Arriving at the club he puts a mask resembling a rooster on to conceal his identity and then bursts through the door knocking the armed bouncer to the floor where he proceeds to climb on top of him and repeatedly thrust his clasped fist into the unsuspecting guard’s head until nothing but a pile of brain, blood, and bits of skull paint the floor. By now other guards in the club have taken notice that something has gone awry, but even in their quick reaction they can help avoid being blind sided by the billy club the bouncer was once holding. Swipe after swipe the man opens their heads like eggs leaving smatterings of blood across the walls and floor. To the dismay of the other guards in the room one of their felled co-workers had a pistol in his possession which has now been turned on them. The sharpshooter accuracy of their attacker is unparalleled as he meticulously connects bullets to vital organs and aims for joints to remove limbs that would give them a fair advantage. To the mans demise a guard with a knife is hiding around a corner and as the killer makes his way to the angle he jumps out and buries the blade deep in the mad man’s throat. [Game Over – Press A To Restart]….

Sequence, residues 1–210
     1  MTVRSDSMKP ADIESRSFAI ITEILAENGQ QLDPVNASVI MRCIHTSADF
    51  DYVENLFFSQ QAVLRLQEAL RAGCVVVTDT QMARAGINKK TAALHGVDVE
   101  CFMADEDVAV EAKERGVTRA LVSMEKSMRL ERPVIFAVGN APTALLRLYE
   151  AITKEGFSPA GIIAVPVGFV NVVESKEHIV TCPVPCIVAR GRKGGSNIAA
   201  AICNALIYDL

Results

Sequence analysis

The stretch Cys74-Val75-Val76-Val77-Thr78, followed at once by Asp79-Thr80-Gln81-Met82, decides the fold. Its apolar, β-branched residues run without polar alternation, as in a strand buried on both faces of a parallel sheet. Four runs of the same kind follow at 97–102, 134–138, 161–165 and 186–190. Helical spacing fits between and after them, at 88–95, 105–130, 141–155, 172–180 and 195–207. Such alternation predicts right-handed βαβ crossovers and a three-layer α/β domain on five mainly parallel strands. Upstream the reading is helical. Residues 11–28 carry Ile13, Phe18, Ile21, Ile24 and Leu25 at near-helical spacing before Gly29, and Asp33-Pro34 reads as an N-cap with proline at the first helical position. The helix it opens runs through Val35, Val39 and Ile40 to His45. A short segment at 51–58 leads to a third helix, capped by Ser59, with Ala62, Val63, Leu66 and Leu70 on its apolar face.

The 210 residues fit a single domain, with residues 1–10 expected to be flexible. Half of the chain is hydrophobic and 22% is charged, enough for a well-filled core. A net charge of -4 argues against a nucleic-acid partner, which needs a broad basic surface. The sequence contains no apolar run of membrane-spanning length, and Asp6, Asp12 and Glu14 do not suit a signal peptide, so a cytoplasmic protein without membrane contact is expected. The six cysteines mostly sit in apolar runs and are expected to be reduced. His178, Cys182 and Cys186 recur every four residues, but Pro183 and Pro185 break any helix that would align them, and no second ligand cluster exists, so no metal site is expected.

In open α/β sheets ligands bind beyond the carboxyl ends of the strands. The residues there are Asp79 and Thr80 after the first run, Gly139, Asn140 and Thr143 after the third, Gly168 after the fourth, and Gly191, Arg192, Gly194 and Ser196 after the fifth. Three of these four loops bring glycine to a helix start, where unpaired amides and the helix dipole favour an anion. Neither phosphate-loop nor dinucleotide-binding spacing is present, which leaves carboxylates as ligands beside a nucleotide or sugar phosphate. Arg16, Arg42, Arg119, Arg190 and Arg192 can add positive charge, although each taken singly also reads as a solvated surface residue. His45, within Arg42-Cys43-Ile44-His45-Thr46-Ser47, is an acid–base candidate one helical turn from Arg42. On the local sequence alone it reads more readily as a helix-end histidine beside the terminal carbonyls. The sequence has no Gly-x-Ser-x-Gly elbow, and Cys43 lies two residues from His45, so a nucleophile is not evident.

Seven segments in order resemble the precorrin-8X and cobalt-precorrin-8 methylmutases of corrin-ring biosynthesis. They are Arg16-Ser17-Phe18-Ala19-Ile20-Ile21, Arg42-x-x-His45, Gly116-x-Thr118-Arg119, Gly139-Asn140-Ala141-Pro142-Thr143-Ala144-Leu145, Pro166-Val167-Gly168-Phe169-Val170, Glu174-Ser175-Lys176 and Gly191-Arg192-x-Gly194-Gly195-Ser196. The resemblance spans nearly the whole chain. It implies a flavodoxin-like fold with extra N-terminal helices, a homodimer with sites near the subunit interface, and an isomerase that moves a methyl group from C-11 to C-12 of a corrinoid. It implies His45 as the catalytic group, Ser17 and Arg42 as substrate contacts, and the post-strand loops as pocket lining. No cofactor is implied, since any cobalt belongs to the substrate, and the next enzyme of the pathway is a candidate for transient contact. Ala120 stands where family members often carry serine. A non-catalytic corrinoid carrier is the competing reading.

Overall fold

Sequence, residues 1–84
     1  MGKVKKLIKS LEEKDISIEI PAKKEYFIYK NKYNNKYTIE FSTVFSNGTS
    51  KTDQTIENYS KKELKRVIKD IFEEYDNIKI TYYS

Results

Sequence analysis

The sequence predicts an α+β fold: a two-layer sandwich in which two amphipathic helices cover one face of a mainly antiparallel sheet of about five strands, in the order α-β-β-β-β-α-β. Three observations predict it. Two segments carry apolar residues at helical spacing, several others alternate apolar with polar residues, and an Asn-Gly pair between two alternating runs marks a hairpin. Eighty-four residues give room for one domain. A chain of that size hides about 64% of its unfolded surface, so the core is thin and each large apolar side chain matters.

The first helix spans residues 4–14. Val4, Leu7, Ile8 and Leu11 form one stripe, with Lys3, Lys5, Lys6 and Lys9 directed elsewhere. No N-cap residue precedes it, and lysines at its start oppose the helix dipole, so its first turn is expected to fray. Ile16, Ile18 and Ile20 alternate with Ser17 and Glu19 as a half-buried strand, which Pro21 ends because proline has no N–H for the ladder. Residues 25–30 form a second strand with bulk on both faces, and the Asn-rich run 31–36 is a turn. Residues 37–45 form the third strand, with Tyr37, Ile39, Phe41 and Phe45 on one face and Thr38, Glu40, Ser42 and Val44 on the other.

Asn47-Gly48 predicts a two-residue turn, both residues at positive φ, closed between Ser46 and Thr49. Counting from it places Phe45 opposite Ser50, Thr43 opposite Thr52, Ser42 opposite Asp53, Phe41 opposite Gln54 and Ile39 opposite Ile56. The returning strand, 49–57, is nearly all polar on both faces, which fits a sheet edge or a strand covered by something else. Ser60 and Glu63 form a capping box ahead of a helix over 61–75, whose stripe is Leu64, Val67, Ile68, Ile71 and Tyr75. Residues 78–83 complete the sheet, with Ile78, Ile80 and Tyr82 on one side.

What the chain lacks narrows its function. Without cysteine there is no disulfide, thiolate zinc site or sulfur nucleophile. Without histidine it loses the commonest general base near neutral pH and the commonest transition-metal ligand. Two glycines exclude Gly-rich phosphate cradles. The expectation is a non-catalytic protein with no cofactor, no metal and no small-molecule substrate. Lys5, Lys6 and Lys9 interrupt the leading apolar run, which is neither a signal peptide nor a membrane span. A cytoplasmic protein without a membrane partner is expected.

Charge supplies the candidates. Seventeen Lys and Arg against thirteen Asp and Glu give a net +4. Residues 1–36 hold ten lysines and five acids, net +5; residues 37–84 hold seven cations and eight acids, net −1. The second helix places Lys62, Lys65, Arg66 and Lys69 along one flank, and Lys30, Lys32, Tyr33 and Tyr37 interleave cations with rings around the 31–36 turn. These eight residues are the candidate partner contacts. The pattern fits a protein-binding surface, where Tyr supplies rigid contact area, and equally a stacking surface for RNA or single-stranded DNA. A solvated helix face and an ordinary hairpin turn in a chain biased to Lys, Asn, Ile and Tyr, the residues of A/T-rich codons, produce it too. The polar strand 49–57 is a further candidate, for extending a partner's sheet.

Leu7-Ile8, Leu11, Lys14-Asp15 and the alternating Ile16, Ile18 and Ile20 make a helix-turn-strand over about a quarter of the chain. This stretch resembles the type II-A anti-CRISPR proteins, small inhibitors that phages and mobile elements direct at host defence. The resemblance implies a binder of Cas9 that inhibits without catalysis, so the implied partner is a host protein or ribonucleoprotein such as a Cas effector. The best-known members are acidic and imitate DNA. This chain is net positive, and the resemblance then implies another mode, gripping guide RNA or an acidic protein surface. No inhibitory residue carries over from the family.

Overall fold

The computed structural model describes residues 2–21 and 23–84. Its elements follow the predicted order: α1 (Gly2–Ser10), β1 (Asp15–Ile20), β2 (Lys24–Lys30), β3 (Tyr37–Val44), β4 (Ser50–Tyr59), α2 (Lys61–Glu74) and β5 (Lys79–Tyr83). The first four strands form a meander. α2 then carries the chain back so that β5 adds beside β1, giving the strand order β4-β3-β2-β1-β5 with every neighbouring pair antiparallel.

Arriving at the club he puts a mask resembling a rooster on to conceal his identity and then bursts through the door……
Continuing with a series of posts I have written on some quality games you can get at great prices to get the biggest bang for you buck (more great cheap games here and here), here’s another 5-set of great inexpensive games to check out. My rule is for a game to make the list it has to be readily available and easy to find as well as under 20 of whatever your country’s currency is in (dollars or euros). So you will see a mixed bag of great bargain bin console games, modern classics, free-to-play, downloadable titles, and cool indie games ranging between PC and consoles. And as much as I’d like to play every game ever made, I can’t, so if you know of any that belong on one of these posts feel free to give it a shout out. Enjoy! Peace Love and Metal!!!!